Recap: Business of Design Part 3 with DiSchino & Schamy: Is Sharing Caring? The Issue of Copyright Infringement

Designers, business owners, and students recently joined AIGA Miami for an eye-opening talk about copyright infringement with lawyers Christopher DiSchino and Brenda Schamy. While Chris and Brenda fielded dozens of detailed questions over the course of the night—and tried their best to quell the growing panic!—it was clear that the internet age is a bit like the Wild West…but that doesn’t mean you’re always in the clear with “fair use” in the digital arena. To address some FAQs, our two favorite attorneys have graciously outlined this helpful guide, below. So sit back, breathe, make some nice calming tea, and learn how to make sure the law is on your side when it comes to social sharing.

A big thank you to Chris and Brenda for offering their expertise!

A copyright exists the moment something is created and put out into the world in a fixed form.

Business of Design Part 3 with DiSchino & Schamy: Is Sharing Caring? The Issue of Copyright Infringement

A registered copyright is a protection provided by the U.S. government for an “original” work that formally establishes a public record. While a copyright can exist automatically, registration of a copyright is not automatic. Whether or not a copyright has a registration certificate and when that registration certificate was obtained makes a difference in the amount of damages to be alleged once the virtual damage is done:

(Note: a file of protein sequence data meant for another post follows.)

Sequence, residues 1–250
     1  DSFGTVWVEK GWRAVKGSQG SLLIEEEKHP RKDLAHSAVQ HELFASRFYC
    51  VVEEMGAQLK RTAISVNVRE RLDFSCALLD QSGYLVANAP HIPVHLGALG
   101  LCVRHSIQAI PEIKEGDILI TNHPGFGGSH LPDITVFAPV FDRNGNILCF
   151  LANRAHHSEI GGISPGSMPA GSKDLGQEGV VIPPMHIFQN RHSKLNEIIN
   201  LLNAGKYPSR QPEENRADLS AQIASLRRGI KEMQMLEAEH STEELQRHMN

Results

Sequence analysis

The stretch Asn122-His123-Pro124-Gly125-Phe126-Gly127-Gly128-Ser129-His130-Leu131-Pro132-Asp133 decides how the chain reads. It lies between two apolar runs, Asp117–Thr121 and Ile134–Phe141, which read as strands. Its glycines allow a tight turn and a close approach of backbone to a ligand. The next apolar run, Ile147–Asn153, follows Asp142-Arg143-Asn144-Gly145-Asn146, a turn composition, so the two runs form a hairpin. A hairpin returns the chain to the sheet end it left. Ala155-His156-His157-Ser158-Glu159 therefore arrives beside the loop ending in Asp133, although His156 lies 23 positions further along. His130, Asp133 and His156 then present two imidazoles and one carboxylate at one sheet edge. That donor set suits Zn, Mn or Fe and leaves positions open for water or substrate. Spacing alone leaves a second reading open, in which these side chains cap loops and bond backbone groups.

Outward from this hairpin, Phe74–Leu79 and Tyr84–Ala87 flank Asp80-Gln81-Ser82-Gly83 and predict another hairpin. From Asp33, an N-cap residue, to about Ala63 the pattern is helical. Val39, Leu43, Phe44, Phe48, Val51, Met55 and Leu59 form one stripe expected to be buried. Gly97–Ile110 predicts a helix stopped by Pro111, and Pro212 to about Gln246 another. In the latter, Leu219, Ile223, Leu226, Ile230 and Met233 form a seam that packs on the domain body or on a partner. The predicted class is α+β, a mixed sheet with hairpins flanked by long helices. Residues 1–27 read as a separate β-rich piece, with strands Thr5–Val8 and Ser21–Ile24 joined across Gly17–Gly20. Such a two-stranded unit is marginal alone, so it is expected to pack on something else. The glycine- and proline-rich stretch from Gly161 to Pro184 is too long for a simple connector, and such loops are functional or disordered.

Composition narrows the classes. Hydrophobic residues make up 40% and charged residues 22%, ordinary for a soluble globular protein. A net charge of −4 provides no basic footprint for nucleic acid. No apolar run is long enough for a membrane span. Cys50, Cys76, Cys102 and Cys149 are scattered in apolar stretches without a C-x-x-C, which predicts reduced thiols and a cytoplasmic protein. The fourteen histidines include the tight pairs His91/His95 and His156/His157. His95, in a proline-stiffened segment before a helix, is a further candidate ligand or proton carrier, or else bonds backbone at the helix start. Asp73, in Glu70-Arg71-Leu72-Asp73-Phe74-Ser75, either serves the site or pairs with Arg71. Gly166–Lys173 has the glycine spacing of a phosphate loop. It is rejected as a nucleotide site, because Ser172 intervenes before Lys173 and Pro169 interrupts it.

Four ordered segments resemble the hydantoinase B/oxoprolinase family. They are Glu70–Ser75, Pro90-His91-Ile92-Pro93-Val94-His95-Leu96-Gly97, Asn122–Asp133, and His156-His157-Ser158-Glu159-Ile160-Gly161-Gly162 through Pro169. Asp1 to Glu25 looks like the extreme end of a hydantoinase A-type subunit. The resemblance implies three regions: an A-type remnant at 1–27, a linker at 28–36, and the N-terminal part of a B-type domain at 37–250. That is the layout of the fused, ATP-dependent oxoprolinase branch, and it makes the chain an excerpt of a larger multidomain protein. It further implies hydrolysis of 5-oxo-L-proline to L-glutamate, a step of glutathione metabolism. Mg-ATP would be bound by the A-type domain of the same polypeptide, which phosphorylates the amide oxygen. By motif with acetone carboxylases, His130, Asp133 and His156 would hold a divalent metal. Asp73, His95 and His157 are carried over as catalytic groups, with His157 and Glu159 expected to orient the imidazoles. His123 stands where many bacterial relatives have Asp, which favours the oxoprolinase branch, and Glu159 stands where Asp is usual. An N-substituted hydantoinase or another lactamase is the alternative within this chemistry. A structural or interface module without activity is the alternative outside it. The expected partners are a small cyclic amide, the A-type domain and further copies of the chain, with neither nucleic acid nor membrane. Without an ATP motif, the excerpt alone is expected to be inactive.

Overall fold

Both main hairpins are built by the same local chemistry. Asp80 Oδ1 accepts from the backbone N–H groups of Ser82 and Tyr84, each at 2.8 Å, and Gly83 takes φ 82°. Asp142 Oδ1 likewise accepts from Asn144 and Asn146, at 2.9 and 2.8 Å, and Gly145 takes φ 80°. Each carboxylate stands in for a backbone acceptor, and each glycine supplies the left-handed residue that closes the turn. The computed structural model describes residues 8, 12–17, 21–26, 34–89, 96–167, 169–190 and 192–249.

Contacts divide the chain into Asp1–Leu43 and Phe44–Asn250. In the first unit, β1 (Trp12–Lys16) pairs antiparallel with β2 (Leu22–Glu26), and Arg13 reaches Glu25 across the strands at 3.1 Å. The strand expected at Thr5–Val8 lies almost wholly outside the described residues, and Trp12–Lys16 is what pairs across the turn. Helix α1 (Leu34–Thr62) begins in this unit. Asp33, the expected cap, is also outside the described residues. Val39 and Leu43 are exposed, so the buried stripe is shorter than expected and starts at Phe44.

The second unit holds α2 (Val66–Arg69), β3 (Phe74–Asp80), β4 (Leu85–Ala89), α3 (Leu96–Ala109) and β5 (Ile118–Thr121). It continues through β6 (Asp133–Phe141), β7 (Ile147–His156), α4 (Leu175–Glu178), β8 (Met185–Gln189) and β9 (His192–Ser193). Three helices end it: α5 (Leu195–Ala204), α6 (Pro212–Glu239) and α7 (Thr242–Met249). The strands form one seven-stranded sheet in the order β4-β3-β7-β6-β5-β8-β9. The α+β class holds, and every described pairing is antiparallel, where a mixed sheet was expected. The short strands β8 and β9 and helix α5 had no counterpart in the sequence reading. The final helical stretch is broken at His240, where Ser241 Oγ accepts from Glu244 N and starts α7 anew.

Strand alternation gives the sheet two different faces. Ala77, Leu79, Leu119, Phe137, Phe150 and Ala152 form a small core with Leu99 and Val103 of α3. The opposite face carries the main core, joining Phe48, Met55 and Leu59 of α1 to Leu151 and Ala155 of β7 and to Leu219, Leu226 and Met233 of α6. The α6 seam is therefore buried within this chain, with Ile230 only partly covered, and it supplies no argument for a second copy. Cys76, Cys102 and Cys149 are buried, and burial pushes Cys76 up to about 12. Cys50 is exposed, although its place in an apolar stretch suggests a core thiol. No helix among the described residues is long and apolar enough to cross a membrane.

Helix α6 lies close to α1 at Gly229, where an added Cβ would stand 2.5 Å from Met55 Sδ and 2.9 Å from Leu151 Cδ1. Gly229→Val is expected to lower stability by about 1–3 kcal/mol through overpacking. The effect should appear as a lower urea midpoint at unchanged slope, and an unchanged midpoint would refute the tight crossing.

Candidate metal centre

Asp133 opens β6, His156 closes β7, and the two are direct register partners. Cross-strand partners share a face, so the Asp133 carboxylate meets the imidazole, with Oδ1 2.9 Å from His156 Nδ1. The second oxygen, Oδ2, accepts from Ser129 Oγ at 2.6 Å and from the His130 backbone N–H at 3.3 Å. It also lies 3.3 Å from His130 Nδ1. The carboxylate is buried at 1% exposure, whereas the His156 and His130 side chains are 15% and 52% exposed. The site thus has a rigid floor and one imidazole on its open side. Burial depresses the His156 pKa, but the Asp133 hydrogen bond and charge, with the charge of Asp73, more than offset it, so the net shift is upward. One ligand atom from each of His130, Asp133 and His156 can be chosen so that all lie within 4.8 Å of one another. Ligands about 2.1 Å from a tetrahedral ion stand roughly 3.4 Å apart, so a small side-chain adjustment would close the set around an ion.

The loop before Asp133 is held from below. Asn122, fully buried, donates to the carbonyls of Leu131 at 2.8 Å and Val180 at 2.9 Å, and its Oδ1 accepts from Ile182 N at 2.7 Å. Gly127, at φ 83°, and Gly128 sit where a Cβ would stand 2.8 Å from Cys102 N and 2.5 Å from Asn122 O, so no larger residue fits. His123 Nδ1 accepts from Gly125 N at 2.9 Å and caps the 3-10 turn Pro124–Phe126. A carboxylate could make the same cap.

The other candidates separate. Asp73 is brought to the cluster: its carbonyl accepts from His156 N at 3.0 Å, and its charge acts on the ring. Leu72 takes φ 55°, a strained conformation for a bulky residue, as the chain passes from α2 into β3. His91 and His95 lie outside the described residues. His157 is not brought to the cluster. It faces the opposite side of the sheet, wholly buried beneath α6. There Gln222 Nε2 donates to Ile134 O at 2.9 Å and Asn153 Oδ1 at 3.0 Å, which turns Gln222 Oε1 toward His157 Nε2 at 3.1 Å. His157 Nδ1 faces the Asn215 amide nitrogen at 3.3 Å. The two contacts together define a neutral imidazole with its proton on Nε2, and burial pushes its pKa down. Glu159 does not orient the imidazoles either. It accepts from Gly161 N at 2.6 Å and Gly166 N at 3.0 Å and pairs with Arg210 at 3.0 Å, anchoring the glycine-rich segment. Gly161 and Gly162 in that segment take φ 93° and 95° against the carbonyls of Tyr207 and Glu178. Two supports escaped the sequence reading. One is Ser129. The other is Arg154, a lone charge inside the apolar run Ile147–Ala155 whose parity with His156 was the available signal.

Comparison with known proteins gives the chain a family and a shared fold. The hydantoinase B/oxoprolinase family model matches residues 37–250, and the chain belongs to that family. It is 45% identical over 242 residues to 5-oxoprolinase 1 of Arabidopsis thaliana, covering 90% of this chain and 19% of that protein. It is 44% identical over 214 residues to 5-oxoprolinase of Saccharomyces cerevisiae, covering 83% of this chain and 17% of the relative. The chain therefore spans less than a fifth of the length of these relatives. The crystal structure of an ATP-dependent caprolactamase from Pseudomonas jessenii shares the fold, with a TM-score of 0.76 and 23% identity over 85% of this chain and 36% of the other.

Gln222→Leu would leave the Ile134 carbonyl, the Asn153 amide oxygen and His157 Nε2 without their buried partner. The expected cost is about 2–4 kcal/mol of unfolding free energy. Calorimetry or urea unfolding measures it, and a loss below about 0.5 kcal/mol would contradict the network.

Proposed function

1. Actual damages: These are profits that stem from (or any financial loss that occurs due to) the infringement, plus profits of the infringer.
  2. Statutory damages: In order to collect statutory damages, you must have registered the copyright either (i) prior to the date of the infringement, OR (ii) within three months from the date of publication (if the infringement occurred before the registration date). If you qualify for statutory damages, you can claim:
    1. Between $750 and $30,000 per work.
    2. If the infringement is willful, then you can collect up to $150,000 per work.

Business of Design Part 3 with DiSchino & Schamy: Is Sharing Caring? The Issue of Copyright Infringement

Content Producers:

If someone uses or copies your work, you can only sue the infringer if the copyright at issue is registered. In addition to being able to sue an infringer in court, registering your copyright comes with a number of advantages:

  1. You can establish a public record of your copyright, which disincentivizes potential infringers from using your work.
  2. You can establish a record with U.S. Customs and Border Protection to protect against importation of infringing copies of your work.
  3. If you register your copyright within three months after publication of your work or prior to an infringement, you can collect statutory damages and attorney’s fees, as stated above.

Business of Design Part 3 with DiSchino & Schamy: Is Sharing Caring? The Issue of Copyright Infringement

Content Users: